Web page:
April is Autism Acceptance Month, and since I’m autistic myself, this seemed like the perfect opportunity to dedicate a few blogposts to autism and what it means to me to be autistic. I’m going to try to write a few blogposts about this, so fingers crossed I’ll manage!
I thought I’d start off by discussing a challenge I’m participating in this month: the Autistic Pride Readathon, hosted by Becca from Becca’s Book Realm and Kitty from Jellyfable. They put together challenge prompts, all centered around books written by autistic authors and/or with autistic characters.
I’ve already read a few books with autism rep that I loved, as well as books by autistic authors that I loved! Here’s some of my recommendations:
- Jen Wilde – Queens of Geek (autistic author, autism rep)
The autistic main character, Taylor, is one of the first characters I really recognized myself in. And fun anecdote: she’s even part of the reason I decided to seek out a diagnosis!
- Jen Wilde – The Brightsiders (autistic author, no autism rep)
After reading Queens of Geek, of course I also had to read The Brightsiders when it came out last year. I really enjoyed this as well!
- Amy Reed – The Nowhere Girls (allistic author, autism rep)
This is one of the only books by allistic (non-autistic) authors I’ve read where I felt the rep was really accurate. It didn’t rely on stereotypes and the autistic character was very relatable.
- Corinne Duyvis – On the Edge of Gone (autistic author, autism rep)
The autistic main character wasn’t very relatable for me personally, but I did love the rep. If anything, it’s great to see different types of autistic characters portrayed!
- Helen Hoang – The Kiss Quotient (autistic author, autism rep)
Even though romance really isn’t my genre, I really did appreciate The Kiss Quotient for it’s wonderful autism rep. The main character was incredibly relatable.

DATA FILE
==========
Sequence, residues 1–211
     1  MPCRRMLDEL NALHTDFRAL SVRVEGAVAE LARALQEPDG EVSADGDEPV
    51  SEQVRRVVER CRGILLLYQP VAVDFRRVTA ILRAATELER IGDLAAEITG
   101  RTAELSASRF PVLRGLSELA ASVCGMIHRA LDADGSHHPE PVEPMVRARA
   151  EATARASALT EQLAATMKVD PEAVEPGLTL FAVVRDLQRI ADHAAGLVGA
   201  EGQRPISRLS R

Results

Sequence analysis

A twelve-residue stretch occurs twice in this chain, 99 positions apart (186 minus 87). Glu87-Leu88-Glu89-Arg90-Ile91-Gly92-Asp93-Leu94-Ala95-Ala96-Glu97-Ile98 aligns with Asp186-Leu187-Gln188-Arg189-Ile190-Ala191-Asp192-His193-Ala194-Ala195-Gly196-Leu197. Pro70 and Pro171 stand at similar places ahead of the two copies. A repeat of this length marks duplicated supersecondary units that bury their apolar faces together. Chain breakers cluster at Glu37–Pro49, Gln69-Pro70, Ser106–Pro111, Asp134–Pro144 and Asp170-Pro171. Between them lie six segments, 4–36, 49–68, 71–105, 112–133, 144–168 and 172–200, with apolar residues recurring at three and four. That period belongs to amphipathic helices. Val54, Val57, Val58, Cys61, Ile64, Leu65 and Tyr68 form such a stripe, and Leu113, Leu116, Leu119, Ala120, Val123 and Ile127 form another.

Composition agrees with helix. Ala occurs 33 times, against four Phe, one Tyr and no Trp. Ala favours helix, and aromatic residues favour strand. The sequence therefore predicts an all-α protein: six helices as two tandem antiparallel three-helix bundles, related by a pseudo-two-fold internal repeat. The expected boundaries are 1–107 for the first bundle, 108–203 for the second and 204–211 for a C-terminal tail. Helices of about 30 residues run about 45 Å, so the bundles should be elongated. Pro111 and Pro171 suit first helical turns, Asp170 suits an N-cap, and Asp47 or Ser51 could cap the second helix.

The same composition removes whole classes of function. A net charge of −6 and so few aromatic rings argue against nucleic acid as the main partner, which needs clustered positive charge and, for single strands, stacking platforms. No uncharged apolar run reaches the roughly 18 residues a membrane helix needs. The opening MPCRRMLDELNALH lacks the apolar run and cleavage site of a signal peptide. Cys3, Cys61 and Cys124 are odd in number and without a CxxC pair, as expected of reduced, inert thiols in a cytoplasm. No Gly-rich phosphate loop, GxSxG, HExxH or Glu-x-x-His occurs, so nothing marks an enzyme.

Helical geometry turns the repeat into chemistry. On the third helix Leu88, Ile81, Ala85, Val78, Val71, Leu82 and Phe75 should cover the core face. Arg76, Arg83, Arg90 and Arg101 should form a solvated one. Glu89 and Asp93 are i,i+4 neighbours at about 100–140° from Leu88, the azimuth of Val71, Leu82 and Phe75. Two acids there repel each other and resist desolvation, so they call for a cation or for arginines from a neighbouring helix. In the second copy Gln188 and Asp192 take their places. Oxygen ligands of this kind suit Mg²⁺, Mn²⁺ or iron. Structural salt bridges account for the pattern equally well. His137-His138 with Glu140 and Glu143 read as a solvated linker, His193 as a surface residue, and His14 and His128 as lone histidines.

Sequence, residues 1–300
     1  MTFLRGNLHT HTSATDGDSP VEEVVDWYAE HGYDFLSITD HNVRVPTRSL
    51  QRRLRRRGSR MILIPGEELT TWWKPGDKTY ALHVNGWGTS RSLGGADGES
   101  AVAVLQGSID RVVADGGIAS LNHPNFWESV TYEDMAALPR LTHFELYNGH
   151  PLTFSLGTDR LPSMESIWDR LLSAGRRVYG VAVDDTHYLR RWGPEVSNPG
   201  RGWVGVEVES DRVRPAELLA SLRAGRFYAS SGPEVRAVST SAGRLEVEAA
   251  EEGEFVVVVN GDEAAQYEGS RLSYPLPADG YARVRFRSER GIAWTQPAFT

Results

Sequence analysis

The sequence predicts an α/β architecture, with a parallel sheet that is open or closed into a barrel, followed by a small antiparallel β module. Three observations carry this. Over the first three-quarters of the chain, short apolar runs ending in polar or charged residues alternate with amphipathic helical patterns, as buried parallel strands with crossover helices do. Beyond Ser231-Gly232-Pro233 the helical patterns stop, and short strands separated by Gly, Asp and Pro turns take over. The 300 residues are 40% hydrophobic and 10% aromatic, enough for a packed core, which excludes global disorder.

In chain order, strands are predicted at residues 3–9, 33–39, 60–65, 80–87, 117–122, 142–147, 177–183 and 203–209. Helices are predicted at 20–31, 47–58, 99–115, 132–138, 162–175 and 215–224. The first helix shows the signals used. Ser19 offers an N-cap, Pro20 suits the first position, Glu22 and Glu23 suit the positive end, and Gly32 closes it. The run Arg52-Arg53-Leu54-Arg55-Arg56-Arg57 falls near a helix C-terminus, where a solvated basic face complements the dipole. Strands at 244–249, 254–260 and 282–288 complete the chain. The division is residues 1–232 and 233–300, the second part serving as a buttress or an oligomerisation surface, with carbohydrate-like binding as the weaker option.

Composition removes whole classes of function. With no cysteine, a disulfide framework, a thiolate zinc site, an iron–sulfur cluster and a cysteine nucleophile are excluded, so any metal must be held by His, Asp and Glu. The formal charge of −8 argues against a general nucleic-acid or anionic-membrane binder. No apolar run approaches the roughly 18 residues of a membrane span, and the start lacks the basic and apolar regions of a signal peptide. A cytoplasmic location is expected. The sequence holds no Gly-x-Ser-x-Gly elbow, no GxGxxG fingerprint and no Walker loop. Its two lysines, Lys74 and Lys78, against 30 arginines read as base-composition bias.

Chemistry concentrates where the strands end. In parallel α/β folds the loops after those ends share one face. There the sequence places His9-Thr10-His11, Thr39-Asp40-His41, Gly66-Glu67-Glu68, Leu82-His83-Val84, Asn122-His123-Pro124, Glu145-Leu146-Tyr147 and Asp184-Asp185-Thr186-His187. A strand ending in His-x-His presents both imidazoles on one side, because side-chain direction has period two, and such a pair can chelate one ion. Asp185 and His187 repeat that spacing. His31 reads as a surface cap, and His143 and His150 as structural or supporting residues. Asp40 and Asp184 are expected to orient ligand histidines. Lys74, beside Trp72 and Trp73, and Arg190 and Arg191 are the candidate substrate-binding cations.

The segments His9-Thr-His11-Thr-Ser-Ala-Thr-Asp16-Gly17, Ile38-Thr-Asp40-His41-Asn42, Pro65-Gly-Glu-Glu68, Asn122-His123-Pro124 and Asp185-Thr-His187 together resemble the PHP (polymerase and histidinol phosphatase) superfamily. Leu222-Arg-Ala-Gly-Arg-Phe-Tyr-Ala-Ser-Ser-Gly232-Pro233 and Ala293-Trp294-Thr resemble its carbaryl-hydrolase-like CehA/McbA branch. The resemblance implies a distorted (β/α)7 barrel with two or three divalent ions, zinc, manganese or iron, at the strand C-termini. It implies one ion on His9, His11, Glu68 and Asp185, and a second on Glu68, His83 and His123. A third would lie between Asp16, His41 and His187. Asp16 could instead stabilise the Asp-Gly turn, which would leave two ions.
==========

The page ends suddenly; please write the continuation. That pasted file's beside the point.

- Helen Hoang – The Bride Test (autistic author, autism rep)
I was lucky enough to read an eARC of this book! You can read my review here.
- Roshani Chokshi – The Gilded Wolves (allistic author, autism rep)
As far as autism rep by allistic authors go, Roshani Chokshi did a pretty good job. It was clear that she put in the effort to give a respectful portrayal and make it as accurate as possible. She did lay it on a little thickly at times in my opinion, but I didn’t have any real issues with it, and The Gilded Wolves is just such an amazing book all around as well!
- Bianca Toeps – Maar je ziet er helemaal niet autistisch uit (Dutch, autistic author, autism rep)
I received a review copy from the publisher, and read it almost right away. This book was so very relatable and empowering, and I would really recommend it to all of my Dutch followers. My review will be up soon!
Unfortunately, there aren’t very many books with good autism rep yet. There are still a few that I haven’t read though, and I’m hoping to get to some of these this month. The following books were recommended to me:
- Mira Grant – Into the Drowning Deep
- A.J. Steiger – When My Heart Joins the Thousand
- Kaia Sonderby – Failure to Communicate
- Riley Redgate – Seven Ways We Lie
- Judith Visser – Zondagskind (Dutch)